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Credit: Arabella Uhry

The COVID-19 pandemic has introduced tremendous anxiety into our lives. Our jobs, relationships, and routines have been irrevocably disrupted, and a path to normalcy (whatever that means anymore) is unclear. Above all else, however, we’re anxious about falling ill. For many in America, the greatest concern lies not necessarily in the disease itself, but with the bill that comes afterward. 

A recent Gallup poll found that 14% of Americans would not seek treatment if they showed symptoms of COVID-19, and 9% of Americans would not seek treatment even if they suspected a coronavirus infection. The reason? Cost of care. When only looking at responses from individuals making less than $40,000 a year, the rate jumps even higher: 22% would avoid treatment for symptoms, and 14% would avoid treatment for a presumed infection. This is troubling for a number of reasons. Obviously, it’s disheartening to see people eschew medical treatment for any reason, but especially during a pandemic, those individuals are likely to infect others, potentially thousands of people. By setting up and maintaining a system where people can’t access resources they desperately need, we actually hurt ourselves. The only way to solve this is by implementing universal healthcare.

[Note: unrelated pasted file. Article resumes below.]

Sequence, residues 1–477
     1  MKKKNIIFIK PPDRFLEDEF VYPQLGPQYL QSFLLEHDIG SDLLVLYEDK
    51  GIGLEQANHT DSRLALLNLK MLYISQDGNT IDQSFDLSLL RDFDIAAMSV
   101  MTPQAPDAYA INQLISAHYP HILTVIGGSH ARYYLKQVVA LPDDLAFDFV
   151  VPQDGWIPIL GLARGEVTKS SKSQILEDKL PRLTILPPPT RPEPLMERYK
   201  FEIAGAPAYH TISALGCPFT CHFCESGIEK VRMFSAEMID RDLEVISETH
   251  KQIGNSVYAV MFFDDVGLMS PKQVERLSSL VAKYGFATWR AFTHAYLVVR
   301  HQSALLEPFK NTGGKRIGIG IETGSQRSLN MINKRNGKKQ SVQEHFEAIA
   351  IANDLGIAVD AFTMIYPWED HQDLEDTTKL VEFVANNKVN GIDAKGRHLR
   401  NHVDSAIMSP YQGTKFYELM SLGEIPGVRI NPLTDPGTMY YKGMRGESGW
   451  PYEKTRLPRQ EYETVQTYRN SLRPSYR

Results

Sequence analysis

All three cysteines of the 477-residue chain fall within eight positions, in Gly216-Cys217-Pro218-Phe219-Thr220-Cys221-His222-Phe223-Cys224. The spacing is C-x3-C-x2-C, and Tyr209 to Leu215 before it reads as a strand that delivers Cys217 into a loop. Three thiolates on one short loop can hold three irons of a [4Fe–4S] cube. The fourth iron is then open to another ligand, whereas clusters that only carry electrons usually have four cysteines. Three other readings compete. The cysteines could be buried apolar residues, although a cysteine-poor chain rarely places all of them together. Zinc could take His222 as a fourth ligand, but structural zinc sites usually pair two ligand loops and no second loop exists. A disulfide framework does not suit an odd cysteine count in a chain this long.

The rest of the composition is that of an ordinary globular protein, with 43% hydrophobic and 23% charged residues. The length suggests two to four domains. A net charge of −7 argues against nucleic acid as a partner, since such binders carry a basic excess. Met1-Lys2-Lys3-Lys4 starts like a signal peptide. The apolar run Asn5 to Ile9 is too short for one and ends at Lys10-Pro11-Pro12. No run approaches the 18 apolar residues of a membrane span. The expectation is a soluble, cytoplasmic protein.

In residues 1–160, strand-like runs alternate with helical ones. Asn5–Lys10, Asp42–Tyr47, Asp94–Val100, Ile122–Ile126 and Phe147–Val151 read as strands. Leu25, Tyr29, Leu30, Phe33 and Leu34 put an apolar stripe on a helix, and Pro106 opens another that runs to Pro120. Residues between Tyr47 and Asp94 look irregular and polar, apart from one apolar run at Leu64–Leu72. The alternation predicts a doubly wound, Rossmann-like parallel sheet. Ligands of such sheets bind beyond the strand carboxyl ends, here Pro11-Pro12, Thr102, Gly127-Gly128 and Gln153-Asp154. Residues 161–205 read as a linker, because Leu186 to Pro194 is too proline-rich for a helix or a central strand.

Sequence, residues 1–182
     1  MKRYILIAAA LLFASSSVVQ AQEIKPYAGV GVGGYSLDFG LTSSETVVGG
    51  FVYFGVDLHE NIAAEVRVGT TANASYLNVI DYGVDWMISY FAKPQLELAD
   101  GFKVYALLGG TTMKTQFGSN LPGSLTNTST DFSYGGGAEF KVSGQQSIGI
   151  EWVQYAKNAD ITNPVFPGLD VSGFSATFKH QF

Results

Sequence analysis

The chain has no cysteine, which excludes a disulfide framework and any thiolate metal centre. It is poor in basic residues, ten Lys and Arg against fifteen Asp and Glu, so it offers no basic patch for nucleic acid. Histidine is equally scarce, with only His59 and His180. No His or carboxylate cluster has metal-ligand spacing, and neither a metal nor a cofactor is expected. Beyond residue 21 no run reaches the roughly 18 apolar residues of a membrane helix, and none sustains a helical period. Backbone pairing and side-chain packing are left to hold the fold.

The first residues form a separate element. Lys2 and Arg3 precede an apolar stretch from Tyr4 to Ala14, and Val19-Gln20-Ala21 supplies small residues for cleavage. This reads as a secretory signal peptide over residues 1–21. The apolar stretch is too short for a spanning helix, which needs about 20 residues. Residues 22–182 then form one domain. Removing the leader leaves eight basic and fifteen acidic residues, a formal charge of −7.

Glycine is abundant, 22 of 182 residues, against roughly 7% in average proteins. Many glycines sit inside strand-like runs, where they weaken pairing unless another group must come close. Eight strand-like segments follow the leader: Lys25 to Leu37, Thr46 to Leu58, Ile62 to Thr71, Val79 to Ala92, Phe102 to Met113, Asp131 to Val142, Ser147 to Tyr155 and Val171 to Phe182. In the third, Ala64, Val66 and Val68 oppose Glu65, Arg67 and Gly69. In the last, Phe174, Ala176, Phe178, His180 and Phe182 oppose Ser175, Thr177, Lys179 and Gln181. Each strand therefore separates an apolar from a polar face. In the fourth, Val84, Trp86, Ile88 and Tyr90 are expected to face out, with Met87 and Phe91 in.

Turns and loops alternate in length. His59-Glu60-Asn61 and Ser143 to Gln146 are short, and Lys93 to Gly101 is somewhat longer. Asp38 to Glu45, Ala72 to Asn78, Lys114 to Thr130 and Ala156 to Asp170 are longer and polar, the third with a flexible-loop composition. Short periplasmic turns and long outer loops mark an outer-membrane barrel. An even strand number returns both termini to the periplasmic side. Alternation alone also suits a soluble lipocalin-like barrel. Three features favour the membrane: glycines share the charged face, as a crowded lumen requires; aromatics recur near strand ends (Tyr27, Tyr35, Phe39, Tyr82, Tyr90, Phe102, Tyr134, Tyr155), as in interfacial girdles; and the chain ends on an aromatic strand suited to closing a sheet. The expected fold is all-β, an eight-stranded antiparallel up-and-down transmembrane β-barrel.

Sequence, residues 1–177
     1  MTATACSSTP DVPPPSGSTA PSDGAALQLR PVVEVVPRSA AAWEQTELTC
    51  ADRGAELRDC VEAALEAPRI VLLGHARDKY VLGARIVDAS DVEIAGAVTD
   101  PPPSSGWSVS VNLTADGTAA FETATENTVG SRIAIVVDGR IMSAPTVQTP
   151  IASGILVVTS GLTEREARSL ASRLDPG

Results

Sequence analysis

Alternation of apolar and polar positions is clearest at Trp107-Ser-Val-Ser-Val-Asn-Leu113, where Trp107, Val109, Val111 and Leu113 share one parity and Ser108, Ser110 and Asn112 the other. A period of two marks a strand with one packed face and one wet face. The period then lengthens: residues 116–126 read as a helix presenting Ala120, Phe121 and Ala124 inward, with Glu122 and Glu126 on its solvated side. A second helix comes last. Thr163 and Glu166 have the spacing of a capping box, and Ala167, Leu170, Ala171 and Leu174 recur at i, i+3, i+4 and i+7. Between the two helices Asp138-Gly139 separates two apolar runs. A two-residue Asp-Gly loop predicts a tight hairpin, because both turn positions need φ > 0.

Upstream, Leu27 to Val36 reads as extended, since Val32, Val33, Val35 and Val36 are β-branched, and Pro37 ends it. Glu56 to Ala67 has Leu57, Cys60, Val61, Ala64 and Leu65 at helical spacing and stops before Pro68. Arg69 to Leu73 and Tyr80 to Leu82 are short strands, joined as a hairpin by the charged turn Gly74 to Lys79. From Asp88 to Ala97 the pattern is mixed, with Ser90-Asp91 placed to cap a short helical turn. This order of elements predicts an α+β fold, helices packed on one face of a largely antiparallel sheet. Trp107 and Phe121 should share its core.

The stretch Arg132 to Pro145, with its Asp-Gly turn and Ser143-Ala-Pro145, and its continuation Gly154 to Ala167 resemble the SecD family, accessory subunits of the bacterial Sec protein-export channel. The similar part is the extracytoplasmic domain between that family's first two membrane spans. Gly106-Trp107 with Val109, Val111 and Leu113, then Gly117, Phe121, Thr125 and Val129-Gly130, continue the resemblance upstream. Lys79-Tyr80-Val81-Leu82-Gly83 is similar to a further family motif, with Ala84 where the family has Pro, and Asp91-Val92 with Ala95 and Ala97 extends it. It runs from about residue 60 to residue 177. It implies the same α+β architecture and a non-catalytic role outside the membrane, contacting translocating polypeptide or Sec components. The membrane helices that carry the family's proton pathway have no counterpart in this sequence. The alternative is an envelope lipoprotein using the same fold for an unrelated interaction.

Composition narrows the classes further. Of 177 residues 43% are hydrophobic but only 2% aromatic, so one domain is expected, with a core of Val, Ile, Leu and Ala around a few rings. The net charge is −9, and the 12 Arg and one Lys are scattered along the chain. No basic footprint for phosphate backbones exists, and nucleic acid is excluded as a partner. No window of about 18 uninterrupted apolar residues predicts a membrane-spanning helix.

This is by no means a recent debate. For decades, healthcare has been a priority for the American populace, but it became more front and center in our nation’s discourse before the election of 2008, when former President Obama promised to help America’s uninsured. And he absolutely delivered — the Affordable Care Act was monumental in its impact on the American healthcare system. America’s uninsured population dropped from 46.5 million in 2010 to 27 million in 2016, but while the ACA was an incredible piece of legislation, it didn’t go far enough. Our uninsured population declined, but the number of underinsured Americans still remains concerningly high, hovering at around 45% in 2018.

Uninsured individuals are more likely to be low-income and people of color, and subsequently may not be able to take time off of work if they or a family member falls ill with COVID-19. Many uninsured individuals also work jobs that put them at a greater risk of contracting the virus: in 2018, the occupations with the greatest number of uninsured workers were construction laborers, cooks, drivers, cashiers, and waiters, many of whom must work during this time of crisis, due to the essential nature of their work. More importantly, America’s uninsured are the most likely to be denied medical care of any population. While the 1986 Emergency Medical Treatment and Labor Act mandates that all emergency rooms treat patients without regard to ability to pay, it does not require hospitals to provide care at no cost, and does not mandate hospitals to treat non-emergency cases. Our policies make sure our uninsured stay alive, but we kick them to the curb before giving them a chance to heal.